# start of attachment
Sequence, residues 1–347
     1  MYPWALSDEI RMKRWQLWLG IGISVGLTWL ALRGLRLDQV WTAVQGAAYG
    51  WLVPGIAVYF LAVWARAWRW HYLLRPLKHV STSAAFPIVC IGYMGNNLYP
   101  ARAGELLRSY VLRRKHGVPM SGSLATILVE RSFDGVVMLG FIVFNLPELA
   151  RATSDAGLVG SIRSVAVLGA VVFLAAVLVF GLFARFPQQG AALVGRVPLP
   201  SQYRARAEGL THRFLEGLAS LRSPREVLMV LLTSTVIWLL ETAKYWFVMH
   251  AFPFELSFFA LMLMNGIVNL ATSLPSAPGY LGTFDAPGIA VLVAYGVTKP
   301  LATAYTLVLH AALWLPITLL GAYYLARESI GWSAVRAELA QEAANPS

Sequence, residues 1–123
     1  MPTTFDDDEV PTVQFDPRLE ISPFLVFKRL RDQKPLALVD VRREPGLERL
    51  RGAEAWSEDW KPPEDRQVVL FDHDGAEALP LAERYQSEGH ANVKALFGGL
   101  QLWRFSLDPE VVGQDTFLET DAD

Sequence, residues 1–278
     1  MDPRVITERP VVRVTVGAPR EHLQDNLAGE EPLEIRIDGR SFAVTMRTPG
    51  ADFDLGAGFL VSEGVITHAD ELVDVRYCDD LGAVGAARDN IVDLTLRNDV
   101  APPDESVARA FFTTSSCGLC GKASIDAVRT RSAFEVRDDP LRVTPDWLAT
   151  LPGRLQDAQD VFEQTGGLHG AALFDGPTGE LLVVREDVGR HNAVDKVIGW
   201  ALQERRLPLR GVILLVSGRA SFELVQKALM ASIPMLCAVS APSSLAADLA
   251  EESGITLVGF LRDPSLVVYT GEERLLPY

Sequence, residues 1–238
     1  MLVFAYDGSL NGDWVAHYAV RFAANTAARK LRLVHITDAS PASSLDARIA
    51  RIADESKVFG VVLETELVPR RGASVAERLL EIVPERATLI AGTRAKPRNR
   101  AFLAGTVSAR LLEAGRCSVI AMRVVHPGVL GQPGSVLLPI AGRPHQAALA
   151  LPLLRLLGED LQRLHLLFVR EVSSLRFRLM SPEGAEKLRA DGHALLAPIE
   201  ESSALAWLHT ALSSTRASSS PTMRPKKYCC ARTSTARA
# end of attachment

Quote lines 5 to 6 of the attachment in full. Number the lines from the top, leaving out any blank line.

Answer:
   151  RATSDAGLVG SIRSVAVLGA VVFLAAVLVF GLFARFPQQG AALVGRVPLP
   201  SQYRARAEGL THRFLEGLAS LRSPREVLMV LLTSTVIWLL ETAKYWFVMH